I dreamt of owning a racehorse ever since those first vists to Taunton Races at the age of 11. Those dreams came true when my friends and I bought our first horse, a 4 year old mare called Tashlee Grove in training with our friend Brian Forsey when I was 18. She never got to the racecourse but a few horses later I had my first ever winner in my own colours on 14th May 1991, when Lady Primrose won a selling handicap hurdle at Newton Abbot under young jump jockey Carl Llewellyn (who went on to win the Grand National on Party Politics the following spring).

There followed one more winner in my colours (Aldahe at Lingfield Park over hurdles) before grown up things like work, mortgage, marriage and children took up more of my finances. I became a serial Syndicate member with Elite, Full Circle, Henry Ponsonby to name but a few before I took a share in Outset with Mark Kilner Racing. Outset was very successful on both the flat and over jumps and took me to some big racedays which gave me a taste of the life of the owner.

In Autumn 2005, I took the plunge and took a share in a 2 horse syndicate with Highclere Thoroughbred Racing. The 2 horses were Squadron trained by Amanda Perrett and Treat trained by Mick Channon. Treat surpassed all my wildest dreams by finishing 2nd in the Fillies Mile at Ascot as a 2 year old and then 4th in the 1000 Guineas before eventually being sold to Sheik Mohammed to stand at Darley Stud in Japan.

In Jan 2008, I bought into my first horse managed by Middleham Park Racing, Bonnie Prince Blue, quickly followed by my first 2 year old Victoire de Lyphar. I have become very impressed by the syndicate and Nick, Tim and Mike who run it and have got carried away to the extent of now owning shares (generally 5 percent) of 18 different horses in separate syndicates with MPR.

I thought I would share my thoughts and experiences with anyone who might be interested. If you have any interest in racing, I hope that my experiences may tempt you into the wonderful world of racehorse ownership.

I hope you enjoy reading my blog.

Saturday, 23 March 2013


Wednesday at the Cheltenham Festival was a massive day for the Twiston-Davies team as Sam drove The New One home, clear of Irish hotpot Pont Alexandre for his Dad Nigel, to set up a great week for the team, despite the pre-festival concerns over a bug in the yard.

Thursday brought the excitement of Mad Moose's intended run in the Byrne Group Plate. The meeting already had a sense of perspective as I was attending, as usual, with my brother Pete, who was recovering from a heart attack, only 3 weeks previously, so we were determined to enjoy our day.

The previous day, I had bumped into Oli Bell from Racing UK, who had been in touch, following reading my blog and we had agreed to meet up to do a piece for Racing UK about Mad Moose's chances and the excitement of having a runner at the festival. To my delight, we were able to do this on Thursday and Oli had mentioned that Moose was 'Quirky' to which I replied that he wasn't called Mad Moose for nothing. Neither of us or the Racing UK viewers were to know that this was to be a portent of what was to happen later in the afternoon.

Immediately after Solwhit had won the World Hurdle, we rushed down to the pre-parade ring to see our hero being saddled. Moose looked relaxed and was in tip top form, with everything in his favour. In the parade ring amongst the throng of connections of 24 horses, Sam was his usual really positive self, letting us know how he was going to hold on to Moose for as long as possible before going for it from the bottom of the mighty Cheltenham hill.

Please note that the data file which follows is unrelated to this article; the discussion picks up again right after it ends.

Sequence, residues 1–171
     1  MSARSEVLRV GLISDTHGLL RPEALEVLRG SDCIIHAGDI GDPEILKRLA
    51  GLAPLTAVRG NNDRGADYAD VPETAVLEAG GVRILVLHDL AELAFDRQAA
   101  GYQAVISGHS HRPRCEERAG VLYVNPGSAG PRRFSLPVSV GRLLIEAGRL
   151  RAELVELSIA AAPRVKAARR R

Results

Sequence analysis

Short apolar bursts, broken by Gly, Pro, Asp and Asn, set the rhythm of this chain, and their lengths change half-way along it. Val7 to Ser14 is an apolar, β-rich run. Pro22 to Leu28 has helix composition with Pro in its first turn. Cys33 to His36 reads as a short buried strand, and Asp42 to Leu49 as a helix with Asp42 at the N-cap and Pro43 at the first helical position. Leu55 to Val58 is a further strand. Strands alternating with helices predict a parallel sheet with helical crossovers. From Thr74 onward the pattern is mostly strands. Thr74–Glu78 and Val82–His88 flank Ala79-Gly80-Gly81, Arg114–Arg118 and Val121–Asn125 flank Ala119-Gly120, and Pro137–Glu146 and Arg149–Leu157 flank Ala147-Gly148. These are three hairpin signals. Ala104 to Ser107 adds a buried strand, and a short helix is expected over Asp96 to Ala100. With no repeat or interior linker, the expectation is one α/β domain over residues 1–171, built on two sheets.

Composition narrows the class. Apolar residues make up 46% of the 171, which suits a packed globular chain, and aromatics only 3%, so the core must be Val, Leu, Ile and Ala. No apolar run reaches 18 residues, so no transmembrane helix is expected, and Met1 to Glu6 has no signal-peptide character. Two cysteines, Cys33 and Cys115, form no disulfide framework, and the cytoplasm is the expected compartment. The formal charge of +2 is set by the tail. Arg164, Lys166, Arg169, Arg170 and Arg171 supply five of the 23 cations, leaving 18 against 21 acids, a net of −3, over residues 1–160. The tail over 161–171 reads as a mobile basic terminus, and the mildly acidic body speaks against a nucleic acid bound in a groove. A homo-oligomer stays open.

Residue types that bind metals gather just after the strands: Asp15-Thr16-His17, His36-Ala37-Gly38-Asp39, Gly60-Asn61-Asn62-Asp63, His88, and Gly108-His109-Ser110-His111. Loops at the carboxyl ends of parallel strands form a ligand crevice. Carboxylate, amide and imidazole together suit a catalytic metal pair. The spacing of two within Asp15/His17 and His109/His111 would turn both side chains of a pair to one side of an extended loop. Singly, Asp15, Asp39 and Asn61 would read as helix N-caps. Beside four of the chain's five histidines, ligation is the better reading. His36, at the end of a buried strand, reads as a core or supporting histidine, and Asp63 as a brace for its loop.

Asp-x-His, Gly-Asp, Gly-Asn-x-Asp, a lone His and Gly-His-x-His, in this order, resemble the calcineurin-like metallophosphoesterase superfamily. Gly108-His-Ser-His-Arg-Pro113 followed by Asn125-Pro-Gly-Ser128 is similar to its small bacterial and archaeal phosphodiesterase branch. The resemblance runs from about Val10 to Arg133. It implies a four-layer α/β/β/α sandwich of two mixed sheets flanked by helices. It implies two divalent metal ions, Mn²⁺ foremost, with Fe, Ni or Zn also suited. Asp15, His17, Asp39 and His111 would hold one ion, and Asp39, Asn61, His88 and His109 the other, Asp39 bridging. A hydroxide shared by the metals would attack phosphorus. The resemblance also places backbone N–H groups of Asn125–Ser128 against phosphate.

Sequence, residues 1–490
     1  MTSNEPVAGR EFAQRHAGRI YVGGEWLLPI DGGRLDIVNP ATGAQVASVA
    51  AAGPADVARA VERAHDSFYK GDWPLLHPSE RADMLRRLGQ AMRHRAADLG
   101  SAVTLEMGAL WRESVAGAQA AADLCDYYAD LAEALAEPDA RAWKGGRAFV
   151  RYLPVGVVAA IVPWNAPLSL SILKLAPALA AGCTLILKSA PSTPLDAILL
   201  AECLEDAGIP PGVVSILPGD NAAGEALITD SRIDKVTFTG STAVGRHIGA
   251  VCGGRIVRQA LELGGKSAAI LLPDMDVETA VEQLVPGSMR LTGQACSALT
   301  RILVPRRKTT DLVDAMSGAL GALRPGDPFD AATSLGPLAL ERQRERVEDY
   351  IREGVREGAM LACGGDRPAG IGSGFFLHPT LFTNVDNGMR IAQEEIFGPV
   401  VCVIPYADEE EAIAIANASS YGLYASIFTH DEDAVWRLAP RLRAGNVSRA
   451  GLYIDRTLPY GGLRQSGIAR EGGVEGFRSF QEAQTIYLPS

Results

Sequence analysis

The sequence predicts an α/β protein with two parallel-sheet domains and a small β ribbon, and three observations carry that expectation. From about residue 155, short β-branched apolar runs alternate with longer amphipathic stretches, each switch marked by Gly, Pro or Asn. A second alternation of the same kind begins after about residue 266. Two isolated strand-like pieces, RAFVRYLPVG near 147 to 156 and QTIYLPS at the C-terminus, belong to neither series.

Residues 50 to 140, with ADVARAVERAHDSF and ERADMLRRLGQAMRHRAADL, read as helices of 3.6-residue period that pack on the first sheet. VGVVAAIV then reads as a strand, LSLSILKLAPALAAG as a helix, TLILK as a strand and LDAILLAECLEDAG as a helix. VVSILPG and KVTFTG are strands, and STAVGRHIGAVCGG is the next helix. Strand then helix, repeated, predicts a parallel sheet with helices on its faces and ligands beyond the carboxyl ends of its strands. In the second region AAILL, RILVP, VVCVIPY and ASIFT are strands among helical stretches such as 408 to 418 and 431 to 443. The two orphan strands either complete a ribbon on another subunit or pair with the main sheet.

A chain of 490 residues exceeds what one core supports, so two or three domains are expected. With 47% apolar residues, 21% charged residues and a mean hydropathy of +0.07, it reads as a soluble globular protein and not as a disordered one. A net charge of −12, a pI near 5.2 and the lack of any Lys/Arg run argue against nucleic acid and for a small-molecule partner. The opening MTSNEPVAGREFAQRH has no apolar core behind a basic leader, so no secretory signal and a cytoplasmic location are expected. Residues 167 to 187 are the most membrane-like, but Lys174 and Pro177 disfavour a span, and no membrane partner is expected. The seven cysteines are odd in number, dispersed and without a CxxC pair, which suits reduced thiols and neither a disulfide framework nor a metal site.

We rushed up to the Owners and Trainers viewing area, just behind Venetia Williams and her owners and exchanged Best of Lucks with Tim Vaughan, standing alongside of us. As had been the case all week, the horses were at the start very early and they circled for what seemed like ages before the crowd's roar told us that the horses were rushing out through the small gap to the shute to the very close starting line. Watching on the Big Screen, the field rushed to the first fence to be greeted by the Flag Man and the starter calling them back. No sight of Mad Moose until he was walked into view as the field regrouped at the starting line. Unfortunately the starter didn't ask them to circle to get Moose back into the group, so sadly the inevitable happened when he let them go again and Moose stood stock still as the field went on their way. After removing Head from Hands, we watched the finish before rushing back to the unsaddling for the story from Sam.

Sam's smile had turned to a scowl by the time he rode the 'Quirky' Mad Moose back to greet us. No reason but 'The Stubborn One' had just dug his heels in with no warning and from then on was never going to start. Sam was annoyed, Nigel embarrassed and the owners a mixture of amazement, laughter and disbelief. But as we said the Nigel, there's always another day.

Hindsight is a marvellous thing but the sight of the screens around the stricken Matuhi, who had fallen when challenging at the last in our race, was a real smack of perspective, as sadly were the horrific injuries that took jockey JT McNamara off to Frenchay hospital, where he still lies one week later.

Our prayers and sympathies are with JT and his family as they watch over him and not to forget the owners and stable staff of the David Pipe trained Matuhi, who lost his life when challenging for the lead at the last fence. Not for them the chance to pat their horse and call him a 'Naughty Boy' and refer to him as 'Quirky' next time he runs.

Mad Moose (The Stubborn One) will be back to prove himself at either Aintree or Punchestown (or both) and we might just leave him in a couple of races - 'JUST IN CASE!!!'

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